Layne Beaty; Broadcast Farm Reports For TV, Radio
Monday, May 28, 2007
Layne R. Beaty, a pioneer in farm reporting who oversaw the U.S. Agriculture Department's radio and television broadcasts for more than 25 years, died May 11 at Collington Episcopal Life Care Community in Mitchellville. He had cutaneous lymphoma, complicated by congestive heart failure and chronic obstructive pulmonary disease. He was 93.
Mr. Beaty, who broadcast his first radio farm program in Oklahoma in the late 1930s, was chief of radio and television for the USDA from 1955 to 1980. He also edited a USDA newsletter distributed to farm broadcasters across the country; broadcast a live weekly report for five years on "The National Farm and Home Hour" on NBC radio when its Washington studios were in the old Sheraton Park Hotel; and was a regular contributor to ABC's "American Farmer" and CBS's "Columbia's Country Journal."
From 1960 to 1980, he directed and emceed "Across the Fence," a weekly syndicated television program of agriculture and consumer information produced by the USDA that was taped at WRC in Washington.
Mr. Beaty played a key role in expanding the use of the media to reach farmers and others in rural areas. In their book, "The Broadcast Century and Beyond" (2005), authors Robert L. Hilliard and Michael C. Keith highlighted Mr. Beaty's early work in radio:
"It may be coincidence that the first use of 'broadcast' was agricultural, referring to the sowing of seeds," Mr. Beaty wrote in a first-person account in the book. "It is nonetheless fitting because in the early days of radio when rural people lived in varying degrees of isolation, radio became a link to the outside world and a live-in companion for farmers and their families."
Radio stations announced market prices, updated weather forecasts and gave information on better farming practices and government regulations, Mr. Beaty said.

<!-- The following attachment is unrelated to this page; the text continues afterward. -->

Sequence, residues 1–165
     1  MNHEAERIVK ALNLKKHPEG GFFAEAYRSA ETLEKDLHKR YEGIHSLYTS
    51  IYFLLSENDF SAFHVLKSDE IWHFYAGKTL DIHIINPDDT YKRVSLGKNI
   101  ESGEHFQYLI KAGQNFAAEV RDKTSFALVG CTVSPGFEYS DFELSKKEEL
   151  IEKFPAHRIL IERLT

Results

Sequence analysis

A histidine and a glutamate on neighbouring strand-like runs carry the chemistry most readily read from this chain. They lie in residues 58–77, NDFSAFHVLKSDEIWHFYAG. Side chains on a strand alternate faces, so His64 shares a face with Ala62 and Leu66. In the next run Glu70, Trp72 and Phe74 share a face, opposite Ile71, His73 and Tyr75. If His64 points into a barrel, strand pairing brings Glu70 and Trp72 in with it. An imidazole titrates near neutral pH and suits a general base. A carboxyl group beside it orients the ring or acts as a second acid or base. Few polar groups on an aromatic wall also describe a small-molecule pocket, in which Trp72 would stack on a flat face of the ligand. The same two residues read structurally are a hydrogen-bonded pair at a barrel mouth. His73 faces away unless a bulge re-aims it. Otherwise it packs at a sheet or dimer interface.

"My listeners included not only country folk but urban professionals as well, and one network program (the old NBC 'Farm and Home Hour') drew mail regularly from the Wall Street area," he wrote, adding that he tried to be warm and friendly with some humor but not contrived or too corny.
Mr. Beaty was born in Caddo, Okla., and graduated with a journalism degree from what is now Southeastern Oklahoma State University in Durant, Okla., in 1935.
Two years after college, he became an aide to the president of the Oklahoma board of agriculture in Oklahoma City and broadcast a weekly public service program, "Oklahoma Farm and Home Hour," on WKY radio.
After lifelong asthma prevented him from enlisting in the military, Mr. Beaty filled in for a soldier serving overseas as interim regional information director in Dallas of the USDA's Farm Security Administration (now Farmers Home Administration).
In 1943, he was farm editor for WBAP radio in Fort Worth, with an early-morning farm program. When WBAP started television broadcasts in 1949, Mr. Beaty began a career in public service television, adding consumer gardening programs to his repertoire.
In the early 1950s, he worked for two U.S. foreign aid agencies, the Economic Cooperation Administration Mission to Greece and the U.S. Foreign Operation Administration, predecessors of the U.S. Agency for International Development. As a trainer and adviser in agricultural information techniques, Mr. Beaty traveled extensively throughout Europe for the U.S. effort to help the economic recovery of postwar Europe.
He moved to Washington in 1954 and a year later joined the USDA, where he was broadcast liaison to six consecutive secretaries of agriculture.
After his retirement and into the early 1990s, Mr. Beaty was a consultant and freelance writer. He conducted and taped about 50 oral histories and was interviewed for the Broadcast Pioneers Library (now the Library of American Broadcasting) at the University of Maryland. In 1990, the Broadcast Pioneers honored him "for many years of distinguished service to broadcasting."
He was an early member of the National Association of Radio Farm Directors (now the National Association of Farm Broadcasters) and served as the organization's secretary-treasurer in 1945 and its president in 1947. He received NAFB's Meritorious Service Award in 1980, and in 1988, he was elected to the NAFB Hall of Fame.
In 1982, Mr. Beaty donated his papers to the USDA's National Agricultural Library, where they are part of the library's special collection.
Mr. Beaty, a 50-year resident of Washington, moved to Mitchellville in 1994.
His marriage to Ellen Ayers Beaty ended in divorce.
Survivors include his wife, Virginia K. Beaty of Mitchellville, whom he married in 1966; two children from his first marriage, Sandra Cantrell of Williston, Vt., and William Beaty of Torreon, Mexico; five grandchildren; and four great-grandchildren.